A: We have said that China prefers no comment of this kind or other while talks are underway. The same is true when it comes to the trade talks between China and the US this time. If we sincerely want to get a good outcome, then we should talk without a cacophony of voices. We don't think it is necessary to resort to the loudspeaker every now and then just to boost one's morale.

As for those senior US politicians who play down China's economic fundamentals and play up their own, we have noticed their remarks as well and we wonder who is their target audience. If they meant these words for the Chinese people, they should know that such efforts are futile and there is no point in doing this, as facts have proven. If they meant these words for their domestic audience, maybe they do feel the need to do so.

Q: State Councilor and Foreign Minister Wang Yi is now on a visit to Mongolia. We have noted that the Mongolian leaders, when meeting with Wang Yi, all mentioned that the Mongolian side is committed to enhancing cooperation with China under the Belt and Road framework. Can you give us more details on this?

A: State Councilor and Foreign Minister Wang Yi is now on an official visit to Mongolia. He has already met respectively with Mongolian President Khaltmaa Battulga and Chairman of the State Great Khural Miyeegombo Enkhbold and held talks with Foreign Minister Tsogtbaatar Damdin. According to my information, State Councilor and Foreign Minister Wang Yi will also meet with Prime Minister Ukhnaa Khurelsukh and senior officials from the five provinces in western Mongolia. The Chinese side will issue more information on the relevant events. You may continue to follow on that.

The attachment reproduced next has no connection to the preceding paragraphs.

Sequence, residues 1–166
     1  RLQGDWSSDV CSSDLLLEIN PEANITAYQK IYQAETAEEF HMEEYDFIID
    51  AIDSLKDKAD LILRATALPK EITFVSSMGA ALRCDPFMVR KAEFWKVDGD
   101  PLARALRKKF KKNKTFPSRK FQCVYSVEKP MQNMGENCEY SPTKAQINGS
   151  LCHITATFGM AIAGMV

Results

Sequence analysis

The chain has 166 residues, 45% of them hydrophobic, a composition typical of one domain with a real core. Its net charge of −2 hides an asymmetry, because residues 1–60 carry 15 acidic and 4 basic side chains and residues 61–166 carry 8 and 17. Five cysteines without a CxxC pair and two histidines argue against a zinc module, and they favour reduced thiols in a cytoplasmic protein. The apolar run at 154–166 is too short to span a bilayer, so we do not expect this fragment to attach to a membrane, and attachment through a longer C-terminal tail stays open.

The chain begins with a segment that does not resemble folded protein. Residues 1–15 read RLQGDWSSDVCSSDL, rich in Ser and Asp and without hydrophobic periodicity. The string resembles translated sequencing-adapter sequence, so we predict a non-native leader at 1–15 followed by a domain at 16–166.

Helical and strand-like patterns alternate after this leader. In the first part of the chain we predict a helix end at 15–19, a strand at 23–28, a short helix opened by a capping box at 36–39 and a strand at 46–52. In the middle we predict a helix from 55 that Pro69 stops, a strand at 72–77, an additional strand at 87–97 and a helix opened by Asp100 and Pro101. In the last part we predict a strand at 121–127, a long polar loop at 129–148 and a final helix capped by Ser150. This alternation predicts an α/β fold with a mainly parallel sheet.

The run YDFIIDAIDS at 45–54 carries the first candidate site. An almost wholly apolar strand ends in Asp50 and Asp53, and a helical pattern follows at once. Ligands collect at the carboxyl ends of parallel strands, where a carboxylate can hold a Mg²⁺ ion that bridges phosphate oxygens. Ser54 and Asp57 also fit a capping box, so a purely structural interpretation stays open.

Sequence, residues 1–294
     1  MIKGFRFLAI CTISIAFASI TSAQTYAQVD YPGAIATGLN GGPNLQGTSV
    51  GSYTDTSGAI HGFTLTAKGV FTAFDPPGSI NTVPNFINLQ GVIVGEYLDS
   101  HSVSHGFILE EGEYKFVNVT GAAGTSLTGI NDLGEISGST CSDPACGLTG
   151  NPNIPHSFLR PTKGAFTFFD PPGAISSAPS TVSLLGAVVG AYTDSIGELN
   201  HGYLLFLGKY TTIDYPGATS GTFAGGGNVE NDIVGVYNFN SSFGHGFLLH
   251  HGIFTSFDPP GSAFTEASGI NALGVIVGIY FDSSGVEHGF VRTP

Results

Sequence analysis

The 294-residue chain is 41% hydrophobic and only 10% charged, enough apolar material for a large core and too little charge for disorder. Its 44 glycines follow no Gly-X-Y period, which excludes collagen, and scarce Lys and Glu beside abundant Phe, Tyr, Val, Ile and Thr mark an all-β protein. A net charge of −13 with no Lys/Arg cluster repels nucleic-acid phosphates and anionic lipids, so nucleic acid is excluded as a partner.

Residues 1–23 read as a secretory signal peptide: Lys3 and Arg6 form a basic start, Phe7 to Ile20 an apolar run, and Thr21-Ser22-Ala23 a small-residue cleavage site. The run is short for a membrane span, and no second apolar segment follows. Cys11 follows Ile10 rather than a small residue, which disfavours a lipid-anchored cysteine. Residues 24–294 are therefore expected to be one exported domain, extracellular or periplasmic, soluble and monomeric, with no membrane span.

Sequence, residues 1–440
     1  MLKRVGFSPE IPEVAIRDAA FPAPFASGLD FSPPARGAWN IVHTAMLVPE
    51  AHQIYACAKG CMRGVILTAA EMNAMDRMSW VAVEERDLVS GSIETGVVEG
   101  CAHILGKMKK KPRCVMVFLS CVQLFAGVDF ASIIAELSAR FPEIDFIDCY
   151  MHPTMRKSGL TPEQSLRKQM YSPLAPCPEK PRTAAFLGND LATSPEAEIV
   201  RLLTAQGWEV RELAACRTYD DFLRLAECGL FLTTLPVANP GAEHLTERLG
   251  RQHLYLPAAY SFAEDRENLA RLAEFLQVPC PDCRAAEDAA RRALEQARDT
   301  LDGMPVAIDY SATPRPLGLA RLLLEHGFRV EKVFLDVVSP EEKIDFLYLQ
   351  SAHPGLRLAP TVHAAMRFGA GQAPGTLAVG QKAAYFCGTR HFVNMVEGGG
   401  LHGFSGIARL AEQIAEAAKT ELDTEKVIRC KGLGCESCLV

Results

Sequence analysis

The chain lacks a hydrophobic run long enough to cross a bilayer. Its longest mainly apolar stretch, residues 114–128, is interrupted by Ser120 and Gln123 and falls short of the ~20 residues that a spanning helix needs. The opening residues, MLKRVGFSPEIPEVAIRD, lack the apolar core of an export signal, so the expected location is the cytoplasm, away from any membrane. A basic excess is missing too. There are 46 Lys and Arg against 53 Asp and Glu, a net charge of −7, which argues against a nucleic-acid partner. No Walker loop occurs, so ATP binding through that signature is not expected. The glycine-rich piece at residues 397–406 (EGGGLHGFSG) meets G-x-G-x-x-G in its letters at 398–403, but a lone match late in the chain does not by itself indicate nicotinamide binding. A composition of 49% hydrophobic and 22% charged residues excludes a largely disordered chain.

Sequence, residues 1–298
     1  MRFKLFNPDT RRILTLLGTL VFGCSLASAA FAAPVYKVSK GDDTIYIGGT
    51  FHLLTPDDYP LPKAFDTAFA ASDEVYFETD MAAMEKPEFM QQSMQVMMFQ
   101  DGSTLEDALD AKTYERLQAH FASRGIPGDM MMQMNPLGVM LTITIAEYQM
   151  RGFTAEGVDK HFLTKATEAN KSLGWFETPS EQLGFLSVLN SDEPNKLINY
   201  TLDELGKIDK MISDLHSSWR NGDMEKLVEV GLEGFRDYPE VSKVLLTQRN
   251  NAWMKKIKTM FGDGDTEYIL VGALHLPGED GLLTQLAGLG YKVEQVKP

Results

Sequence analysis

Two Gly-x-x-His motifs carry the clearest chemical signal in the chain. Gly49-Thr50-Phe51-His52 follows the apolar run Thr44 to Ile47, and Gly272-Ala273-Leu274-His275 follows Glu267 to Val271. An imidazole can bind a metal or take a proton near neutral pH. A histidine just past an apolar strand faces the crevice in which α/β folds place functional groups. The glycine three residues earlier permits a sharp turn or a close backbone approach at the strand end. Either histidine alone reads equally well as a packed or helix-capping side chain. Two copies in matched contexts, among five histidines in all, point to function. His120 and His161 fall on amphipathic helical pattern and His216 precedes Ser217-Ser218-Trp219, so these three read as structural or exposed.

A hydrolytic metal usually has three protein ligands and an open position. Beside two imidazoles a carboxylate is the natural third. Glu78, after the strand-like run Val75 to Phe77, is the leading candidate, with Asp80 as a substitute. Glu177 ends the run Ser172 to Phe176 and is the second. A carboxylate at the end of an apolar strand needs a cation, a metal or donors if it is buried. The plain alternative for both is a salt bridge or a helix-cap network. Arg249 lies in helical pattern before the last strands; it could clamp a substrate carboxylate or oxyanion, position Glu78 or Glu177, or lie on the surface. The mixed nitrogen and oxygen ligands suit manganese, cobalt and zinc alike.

Indeed, during the above-mentioned meetings and talks, the Mongolian leaders once again said that the Mongolian side is committed to promoting greater synergy between the Development Road Initiative and the Belt and Road Initiative, stepping up cooperation with China in infrastructure, energy and electricity and accelerating the implementation of the outline for the China-Mongolia-Russia economic corridor.

State Councilor and Foreign Minister Wang Yi proposed China's propositions on jointly advancing the Belt and Road Initiative with Mongolia. Firstly, China supports Mongolia in speeding up the infrastructure building and breaking the development bottlenecks. Secondly, China supports Mongolia's greater efforts to improve people's livelihood so that the Mongolian people could reap tangible benefits through participating in the Belt and Road Initiative. Thirdly, greater importance should be attached to environmental protection and ecological conservation. We will join hands with Mongolia to build the green Silk Road. Fourthly, China will help Mongolia translate resources endowment into development advantages, achieve diversified development and enhance its capacity for independent and sustainable development.